I am trying to understand a big-picture for Algebraic Geometry:

Given a category of commutative rings $\mathrm{CRing}$, we can create objects that locally look like these objects called schemes. This is done by taking the topos of sheaves of $\mathrm{CRing}$ with respect to a Zariski (or even etale) topology. The subcategory which has objects covered by representables (objects mapped from $\mathrm{CRing}$ via yoneda embedding and sheafification) via open maps.

So this overall constructs some "locally isomorphic to rings" object. There are a few issues one needs to consider which can be fixed by restricting to finitely presentable rings (does this make the schemes (quasi-)compact?).

So in analogy, if you want to study $\mathrm{CRing}$ you can study modules instead which are "generalised functions".

So we can take our previous schemes and generalise them even more by thinking about sheaves over them with respect to another topology, this time we have all sorts of choices (fppf, zar, h-, etale etc.).

Now these form a "big zariski topos" so we have an internal language, thus we can describe rings and modules internally. Categories of these become sheaves of rings and (quasi-)coherent sheaves respectively.

The category of (quasi-)coherent sheaves over some scheme can have its simplicial objects studied. Traditionally this is done via the Dold-Kan correspondence and gives the derived category construction. This homotopy category is a big package describing (co)homology theories. Other cohomology theories that arise in AG can be studied by changing the topology chosen earlier.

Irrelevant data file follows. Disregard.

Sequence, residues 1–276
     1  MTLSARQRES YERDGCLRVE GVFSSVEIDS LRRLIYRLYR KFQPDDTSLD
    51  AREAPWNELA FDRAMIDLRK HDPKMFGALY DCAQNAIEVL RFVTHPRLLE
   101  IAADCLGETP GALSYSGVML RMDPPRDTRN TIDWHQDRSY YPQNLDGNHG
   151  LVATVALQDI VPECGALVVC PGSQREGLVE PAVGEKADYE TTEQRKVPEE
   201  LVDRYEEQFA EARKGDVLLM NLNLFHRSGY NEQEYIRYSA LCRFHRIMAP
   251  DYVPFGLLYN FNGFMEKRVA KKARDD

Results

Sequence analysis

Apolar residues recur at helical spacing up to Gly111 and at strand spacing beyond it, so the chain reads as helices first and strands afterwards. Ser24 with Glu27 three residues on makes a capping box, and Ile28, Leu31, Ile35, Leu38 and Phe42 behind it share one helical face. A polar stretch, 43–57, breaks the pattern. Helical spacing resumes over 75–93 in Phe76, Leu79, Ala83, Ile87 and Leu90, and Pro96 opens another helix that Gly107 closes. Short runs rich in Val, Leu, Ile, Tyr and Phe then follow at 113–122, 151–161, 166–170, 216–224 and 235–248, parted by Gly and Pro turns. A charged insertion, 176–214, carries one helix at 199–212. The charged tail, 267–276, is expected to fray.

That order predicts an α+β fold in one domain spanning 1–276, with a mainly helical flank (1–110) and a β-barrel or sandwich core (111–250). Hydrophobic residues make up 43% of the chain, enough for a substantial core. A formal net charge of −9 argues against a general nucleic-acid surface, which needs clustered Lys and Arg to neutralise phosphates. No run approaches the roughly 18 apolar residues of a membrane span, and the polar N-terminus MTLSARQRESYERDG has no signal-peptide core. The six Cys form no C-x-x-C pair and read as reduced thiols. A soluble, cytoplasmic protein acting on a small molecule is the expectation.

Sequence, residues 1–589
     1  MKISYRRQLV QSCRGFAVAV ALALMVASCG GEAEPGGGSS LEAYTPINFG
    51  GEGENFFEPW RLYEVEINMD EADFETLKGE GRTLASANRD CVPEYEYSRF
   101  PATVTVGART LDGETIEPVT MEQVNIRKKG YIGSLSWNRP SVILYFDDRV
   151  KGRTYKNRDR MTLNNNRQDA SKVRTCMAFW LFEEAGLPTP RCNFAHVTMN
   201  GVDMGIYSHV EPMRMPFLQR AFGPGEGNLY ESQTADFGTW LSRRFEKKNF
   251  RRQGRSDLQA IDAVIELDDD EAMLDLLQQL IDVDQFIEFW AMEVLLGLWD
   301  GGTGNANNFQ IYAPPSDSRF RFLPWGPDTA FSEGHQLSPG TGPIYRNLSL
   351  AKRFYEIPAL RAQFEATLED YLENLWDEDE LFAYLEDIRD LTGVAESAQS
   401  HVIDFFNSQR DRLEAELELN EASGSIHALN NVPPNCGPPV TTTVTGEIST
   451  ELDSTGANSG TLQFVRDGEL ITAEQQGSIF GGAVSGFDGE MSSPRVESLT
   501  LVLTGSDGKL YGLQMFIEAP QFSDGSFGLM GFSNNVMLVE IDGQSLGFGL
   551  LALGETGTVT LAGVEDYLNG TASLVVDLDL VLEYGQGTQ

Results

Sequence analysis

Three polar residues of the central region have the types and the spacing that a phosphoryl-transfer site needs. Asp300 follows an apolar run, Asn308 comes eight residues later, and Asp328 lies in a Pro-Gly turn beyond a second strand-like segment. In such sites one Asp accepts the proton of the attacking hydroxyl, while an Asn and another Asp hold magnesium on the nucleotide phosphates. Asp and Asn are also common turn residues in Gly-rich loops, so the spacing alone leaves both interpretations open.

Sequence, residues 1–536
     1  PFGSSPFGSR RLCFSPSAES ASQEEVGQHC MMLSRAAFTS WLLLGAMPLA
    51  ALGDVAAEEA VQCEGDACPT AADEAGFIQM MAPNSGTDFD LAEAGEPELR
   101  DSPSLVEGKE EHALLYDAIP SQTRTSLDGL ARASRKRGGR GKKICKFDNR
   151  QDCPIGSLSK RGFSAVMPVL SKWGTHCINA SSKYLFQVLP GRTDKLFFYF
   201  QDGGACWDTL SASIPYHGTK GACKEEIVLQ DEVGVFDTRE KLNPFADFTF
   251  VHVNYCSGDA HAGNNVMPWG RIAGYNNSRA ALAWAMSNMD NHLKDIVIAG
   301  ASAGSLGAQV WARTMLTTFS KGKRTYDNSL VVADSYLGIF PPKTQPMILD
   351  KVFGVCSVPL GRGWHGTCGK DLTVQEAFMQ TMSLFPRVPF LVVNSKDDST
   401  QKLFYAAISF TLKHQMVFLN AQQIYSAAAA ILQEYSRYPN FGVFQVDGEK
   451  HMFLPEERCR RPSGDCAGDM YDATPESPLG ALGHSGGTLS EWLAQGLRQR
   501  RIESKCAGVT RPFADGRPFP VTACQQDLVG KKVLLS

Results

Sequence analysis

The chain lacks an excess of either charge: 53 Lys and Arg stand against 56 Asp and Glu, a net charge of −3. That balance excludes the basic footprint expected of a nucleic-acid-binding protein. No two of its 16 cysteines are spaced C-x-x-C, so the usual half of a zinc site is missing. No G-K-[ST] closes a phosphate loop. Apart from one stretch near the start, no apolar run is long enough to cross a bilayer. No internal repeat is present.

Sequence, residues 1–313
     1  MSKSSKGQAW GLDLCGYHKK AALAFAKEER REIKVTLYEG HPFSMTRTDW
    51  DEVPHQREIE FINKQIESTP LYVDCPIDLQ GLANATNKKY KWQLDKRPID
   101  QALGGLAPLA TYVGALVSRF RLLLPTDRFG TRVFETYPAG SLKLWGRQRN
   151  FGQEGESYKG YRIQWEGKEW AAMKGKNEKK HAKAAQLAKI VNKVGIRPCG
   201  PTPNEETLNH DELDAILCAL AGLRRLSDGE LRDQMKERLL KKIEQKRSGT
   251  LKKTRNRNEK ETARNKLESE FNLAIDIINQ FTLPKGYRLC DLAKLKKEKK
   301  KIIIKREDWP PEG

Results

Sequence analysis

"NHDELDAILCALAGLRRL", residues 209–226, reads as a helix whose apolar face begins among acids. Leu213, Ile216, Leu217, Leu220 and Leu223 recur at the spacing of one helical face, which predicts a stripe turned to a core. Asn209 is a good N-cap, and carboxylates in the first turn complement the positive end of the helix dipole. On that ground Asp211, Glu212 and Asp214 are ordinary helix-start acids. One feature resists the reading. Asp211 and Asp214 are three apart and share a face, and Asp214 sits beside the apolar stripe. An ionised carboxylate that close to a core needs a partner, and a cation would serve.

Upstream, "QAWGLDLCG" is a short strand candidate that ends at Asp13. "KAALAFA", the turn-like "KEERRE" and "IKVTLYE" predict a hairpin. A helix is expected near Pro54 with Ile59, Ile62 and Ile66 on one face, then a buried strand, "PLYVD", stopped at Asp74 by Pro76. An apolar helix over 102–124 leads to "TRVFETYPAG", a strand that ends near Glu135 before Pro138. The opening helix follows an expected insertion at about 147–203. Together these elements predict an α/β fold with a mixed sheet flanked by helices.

Now this big picture has some quite broad strokes and many different aspects which one can generalise. Why stick with with rings when you can use $E_\infty$-rings, why consider sheaves when you can consider $\infty$-stacks etc.

So my question is: How accurate is this picture?

I know I am being a bit cheeky by calling all of this algebraic geometry when there is so much more, (for example classifying varieties birationally etc).

Oh and just for note: cohomologies I have described above are worth studying, not because of all this silly category theory but because they describe and classify important and useful invariants of the geometric objects in question.